Mom ran over to the front door and opened it. There was nobody there. I followed Mom out onto our front porch, and we both looked around to see where the noise could have come from.
Mom shrugged and put her hand on my shoul- der. “Must have been a car backfiring or something,” she said, and then something caught her eye and she gasped.
Mom bent down and picked up a rock lying next to the front door. She stared at it for a moment and then looked up at me. I couldn’t read her expression— I think she might have been scared. Or mad. Or both. “Who would do something like this?” she whispered, looking down at the rock in her hand.
That red rage that sometimes comes over me came over me. I didn’t think about what I would do if I found whoever did it—I just knew I wanted to catch them. I ran down the front steps toward the sidewalk. There was no one around, but whoever it was couldn’t have gotten far.
“Danny! Stop!” shouted Mom. I heard her running after me, but I kept going.
And then I heard her scream.
It was dark, but I saw Mom running onto our lawn. I ran over too, and that’s when I saw the body lying on the ground. Mom rolled the body onto its back. The boy wasn’t moving, but his eyes were wide open, and there was blood running down the side of his face. To top it off, his face was painted like one of the Death Creepers in Night of the Zombies.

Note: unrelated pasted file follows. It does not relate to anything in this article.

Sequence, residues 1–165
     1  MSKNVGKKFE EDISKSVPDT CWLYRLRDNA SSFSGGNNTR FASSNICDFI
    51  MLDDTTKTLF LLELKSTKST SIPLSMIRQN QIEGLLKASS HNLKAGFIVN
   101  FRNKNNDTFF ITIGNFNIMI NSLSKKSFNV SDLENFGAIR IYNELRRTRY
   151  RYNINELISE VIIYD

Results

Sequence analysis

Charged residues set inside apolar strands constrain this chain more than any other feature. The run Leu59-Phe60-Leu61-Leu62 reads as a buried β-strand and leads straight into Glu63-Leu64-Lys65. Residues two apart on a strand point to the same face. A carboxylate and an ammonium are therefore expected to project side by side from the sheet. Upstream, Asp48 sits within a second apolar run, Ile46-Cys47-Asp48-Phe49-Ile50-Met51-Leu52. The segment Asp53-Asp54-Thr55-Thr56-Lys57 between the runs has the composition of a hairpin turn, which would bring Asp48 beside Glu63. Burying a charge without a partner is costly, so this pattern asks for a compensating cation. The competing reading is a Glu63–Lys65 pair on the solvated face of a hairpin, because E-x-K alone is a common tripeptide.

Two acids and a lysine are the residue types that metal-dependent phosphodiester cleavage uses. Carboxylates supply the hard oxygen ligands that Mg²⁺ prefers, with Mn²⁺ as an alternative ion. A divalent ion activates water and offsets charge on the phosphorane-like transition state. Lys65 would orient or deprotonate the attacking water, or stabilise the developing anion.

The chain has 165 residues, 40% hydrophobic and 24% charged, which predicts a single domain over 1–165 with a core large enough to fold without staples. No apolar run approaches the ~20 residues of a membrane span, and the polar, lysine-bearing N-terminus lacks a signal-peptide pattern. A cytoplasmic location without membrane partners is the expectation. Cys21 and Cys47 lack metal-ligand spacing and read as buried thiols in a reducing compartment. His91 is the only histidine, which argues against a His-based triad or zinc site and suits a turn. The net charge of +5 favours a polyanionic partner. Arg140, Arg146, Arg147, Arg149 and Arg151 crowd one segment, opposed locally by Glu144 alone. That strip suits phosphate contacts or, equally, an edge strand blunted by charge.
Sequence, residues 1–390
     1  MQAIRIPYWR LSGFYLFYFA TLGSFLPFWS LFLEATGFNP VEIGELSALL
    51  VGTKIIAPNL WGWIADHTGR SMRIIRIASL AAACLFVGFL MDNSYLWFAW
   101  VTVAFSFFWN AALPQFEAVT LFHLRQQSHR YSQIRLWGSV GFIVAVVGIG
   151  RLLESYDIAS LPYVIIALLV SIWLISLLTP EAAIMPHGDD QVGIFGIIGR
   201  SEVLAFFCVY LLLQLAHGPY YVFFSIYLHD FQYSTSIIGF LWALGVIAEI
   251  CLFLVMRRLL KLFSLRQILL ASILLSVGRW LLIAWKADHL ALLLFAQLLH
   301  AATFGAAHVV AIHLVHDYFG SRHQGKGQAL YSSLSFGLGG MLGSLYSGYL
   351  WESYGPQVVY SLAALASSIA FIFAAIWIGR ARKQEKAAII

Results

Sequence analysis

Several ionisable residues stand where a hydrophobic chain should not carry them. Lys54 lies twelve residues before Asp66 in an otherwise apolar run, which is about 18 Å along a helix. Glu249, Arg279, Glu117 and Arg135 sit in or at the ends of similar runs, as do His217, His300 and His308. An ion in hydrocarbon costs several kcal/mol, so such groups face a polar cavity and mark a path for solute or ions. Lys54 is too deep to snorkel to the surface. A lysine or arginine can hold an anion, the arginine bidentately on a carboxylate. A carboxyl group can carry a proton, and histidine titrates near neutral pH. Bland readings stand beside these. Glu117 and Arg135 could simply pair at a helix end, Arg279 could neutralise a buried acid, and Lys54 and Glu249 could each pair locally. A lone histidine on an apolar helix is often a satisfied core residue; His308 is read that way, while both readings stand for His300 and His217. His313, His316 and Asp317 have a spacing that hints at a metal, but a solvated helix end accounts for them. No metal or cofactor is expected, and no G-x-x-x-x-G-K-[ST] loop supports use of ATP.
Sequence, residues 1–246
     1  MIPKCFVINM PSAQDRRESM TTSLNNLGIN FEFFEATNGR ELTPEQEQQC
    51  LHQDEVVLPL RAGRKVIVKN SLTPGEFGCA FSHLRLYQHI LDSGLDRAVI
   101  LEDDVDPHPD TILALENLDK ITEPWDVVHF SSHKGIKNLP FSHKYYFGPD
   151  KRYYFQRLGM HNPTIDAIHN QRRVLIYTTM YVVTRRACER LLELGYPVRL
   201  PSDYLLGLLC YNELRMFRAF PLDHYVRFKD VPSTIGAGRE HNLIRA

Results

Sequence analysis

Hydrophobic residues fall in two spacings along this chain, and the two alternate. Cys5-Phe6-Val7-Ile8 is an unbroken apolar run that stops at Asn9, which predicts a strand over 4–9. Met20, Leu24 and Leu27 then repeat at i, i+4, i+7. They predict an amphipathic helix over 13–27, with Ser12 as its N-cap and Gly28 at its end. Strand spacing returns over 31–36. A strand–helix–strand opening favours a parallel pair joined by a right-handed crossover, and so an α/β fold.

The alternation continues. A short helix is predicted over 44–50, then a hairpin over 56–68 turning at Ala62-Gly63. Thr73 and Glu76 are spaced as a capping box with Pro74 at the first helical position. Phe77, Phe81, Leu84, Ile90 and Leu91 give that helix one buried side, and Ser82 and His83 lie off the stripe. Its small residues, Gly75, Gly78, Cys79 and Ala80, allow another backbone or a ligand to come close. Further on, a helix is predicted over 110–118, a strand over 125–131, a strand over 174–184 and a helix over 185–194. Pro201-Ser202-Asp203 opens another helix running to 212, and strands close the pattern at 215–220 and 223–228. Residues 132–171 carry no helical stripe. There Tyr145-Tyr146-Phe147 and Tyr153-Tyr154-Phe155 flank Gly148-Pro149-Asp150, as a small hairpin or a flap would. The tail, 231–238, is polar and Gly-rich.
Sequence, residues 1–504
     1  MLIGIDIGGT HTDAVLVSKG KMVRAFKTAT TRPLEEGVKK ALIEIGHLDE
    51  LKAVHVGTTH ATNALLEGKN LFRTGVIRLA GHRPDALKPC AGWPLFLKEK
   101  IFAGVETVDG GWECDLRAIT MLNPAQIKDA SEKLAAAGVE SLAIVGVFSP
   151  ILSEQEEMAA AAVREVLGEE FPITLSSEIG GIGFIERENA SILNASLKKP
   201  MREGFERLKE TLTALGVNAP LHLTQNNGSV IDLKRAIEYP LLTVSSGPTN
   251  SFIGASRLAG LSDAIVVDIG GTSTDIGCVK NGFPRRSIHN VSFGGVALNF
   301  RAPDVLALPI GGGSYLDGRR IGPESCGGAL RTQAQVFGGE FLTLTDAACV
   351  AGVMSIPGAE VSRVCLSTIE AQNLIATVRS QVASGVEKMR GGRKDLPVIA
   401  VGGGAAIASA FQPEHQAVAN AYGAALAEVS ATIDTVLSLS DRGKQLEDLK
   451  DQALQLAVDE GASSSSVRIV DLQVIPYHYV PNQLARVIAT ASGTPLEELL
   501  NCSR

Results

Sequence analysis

“He’s just a child,” whispered Mom. She pulled his hood back from his head. As soon as I saw the blond hair, perfectly gelled back, I knew exactly who it was.
“Mom! It’s Eric!”
Mom was now in nurse mode, she had taken her sweater off and was pressing it to the side of his head. She looked up at me.
“Eric?” she asked.
“You know, from the fund raiser. The one who I was talking to.”
Mom’s eyes widened, and then she looked down at Slick. “Eric, sweetie, you’re going to be fine. We’re going to get you help.”
She looked up at me. “Danny, keep this pressed up against his head. I’m going to call nine-one-one.”